The Lord of the Rings: Shadow of the East
Located on a steep rise on the southern slopes of the North Downs, Fornost is as much a fortress as it is a city. Fornost was chosen to be the royal seat of Arthedain after the sack of Annúminas in T.A. 1409. Since then, a somber mood has permeated every aspect of life in court, for the Dúnedain stand ever ready to meet another assult by the Witch-king. Despite, or perhaps because of, the omnipresent threat from Angmar, the people of Arthedain are a spiritual folk given over to introspection. The wisest scholars and greatest library of the Men of the North are to be found in Fornost. The city itself is not large, housing a population just over 3,000.
The capital of Arthedain after the division of Arnor in T.A. 861, Fornost has long been the largest and busiest city north of Tharbad. The tin and lead deposits underlying this part of the North Downs drew Eriadorian and Dwarven miners here as early as S.A 1000. For obscure reasons, the Dwarves got no support for their claims from their kinfolk in Moria, and the Eriadorians drove them out after a series of minor wars. Much later, religious mystics from Númenor arrived and received permission to build an astronomical observatory on Fornaer (S. “Lament of the North;” coll. “Norland’s Glower”), the highest crest of the downs around the headwaters of the Nen Erain, the most important local river. Númenórean power kept the peace locally, and the Eriadorians got used to the idea of their leadership. Around S.A. 3250, a Sauronic minion used the mystical lenses of the observatory on Fornaer to summon an elrog (S. “star-demon”). It ravaged the countryside until slain by a Dúnadan mage, Calvellon Glornor. Calvellon was elected Lord of the Tyrn Fyrn by the grateful locals and eventually willed his domain to his nephew, Elendil of Andúnië, who later combined the title with several others when he made himself the first king of Arnor.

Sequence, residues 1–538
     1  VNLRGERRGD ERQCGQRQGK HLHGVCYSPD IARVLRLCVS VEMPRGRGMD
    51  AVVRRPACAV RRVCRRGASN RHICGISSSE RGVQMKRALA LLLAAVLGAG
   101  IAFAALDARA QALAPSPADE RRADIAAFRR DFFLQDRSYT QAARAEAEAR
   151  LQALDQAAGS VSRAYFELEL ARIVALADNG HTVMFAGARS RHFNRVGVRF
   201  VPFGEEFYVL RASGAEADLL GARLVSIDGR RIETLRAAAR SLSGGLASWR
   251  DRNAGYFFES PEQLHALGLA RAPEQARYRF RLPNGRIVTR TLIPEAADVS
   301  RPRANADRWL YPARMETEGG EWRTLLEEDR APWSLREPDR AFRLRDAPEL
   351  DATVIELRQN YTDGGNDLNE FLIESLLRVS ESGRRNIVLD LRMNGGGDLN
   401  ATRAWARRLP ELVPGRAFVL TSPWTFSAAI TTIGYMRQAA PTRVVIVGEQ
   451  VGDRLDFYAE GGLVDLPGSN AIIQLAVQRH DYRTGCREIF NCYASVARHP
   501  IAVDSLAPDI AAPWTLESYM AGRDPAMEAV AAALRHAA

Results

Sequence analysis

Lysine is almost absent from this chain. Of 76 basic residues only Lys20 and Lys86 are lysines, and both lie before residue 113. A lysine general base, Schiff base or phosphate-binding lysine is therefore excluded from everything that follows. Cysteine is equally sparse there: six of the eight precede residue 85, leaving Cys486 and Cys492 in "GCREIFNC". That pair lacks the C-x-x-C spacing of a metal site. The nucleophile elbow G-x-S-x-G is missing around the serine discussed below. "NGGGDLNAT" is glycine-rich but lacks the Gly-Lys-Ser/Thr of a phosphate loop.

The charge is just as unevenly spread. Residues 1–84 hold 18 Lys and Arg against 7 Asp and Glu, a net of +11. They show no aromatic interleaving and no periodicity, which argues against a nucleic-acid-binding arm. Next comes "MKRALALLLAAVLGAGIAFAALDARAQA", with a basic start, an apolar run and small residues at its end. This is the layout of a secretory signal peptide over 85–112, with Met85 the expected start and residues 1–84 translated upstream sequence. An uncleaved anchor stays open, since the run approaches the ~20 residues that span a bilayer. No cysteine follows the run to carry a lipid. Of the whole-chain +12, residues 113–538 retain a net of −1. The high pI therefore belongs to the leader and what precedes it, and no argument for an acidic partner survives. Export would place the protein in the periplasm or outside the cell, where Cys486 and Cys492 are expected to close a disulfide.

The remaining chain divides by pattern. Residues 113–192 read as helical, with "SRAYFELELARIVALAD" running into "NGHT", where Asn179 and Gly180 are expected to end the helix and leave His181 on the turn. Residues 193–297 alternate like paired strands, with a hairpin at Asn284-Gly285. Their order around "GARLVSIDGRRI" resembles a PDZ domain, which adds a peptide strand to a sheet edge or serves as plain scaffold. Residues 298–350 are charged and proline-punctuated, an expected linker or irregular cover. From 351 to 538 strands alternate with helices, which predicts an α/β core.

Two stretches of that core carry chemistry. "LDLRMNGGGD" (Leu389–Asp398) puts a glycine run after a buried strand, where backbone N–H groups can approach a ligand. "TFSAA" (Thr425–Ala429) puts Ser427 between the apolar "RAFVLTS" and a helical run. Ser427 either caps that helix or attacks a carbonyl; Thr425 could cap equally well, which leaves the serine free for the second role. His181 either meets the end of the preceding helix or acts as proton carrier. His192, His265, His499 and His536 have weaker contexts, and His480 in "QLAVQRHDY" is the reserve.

The actual name of “Fornost Erain” first appears in Elendil’s original plans for the defense of Arnor against the Orcs of the Misty Mountains. He ordered a fortification, the “Citadel,” built along the highest ridge of Norland’s Glower, and added a series of defensive walls around the hill as local settlement moved, from the towns on either side in the valleys below, uphill towards the center of local power. Valandil, the first king of Arnor in the Third Age, built a palace within the citadel for use in the summer, to enable him to get away from the heat and biting insects that troubled his official capital at Annúminas. Over the centuries, Arnor’s kings transferred more and more of their officials to Fornost, seeking the knowledge of the religious mystics dwelling in the area.
After Arnor was divided, the military problems of the kingdom were also best handled from its northern citadel. By the time Annúminas fell to the Angmarrim in T.A. 1409, all that remained was to move the palantír of Annúminas northeastward for the transfer of power and government to be complete.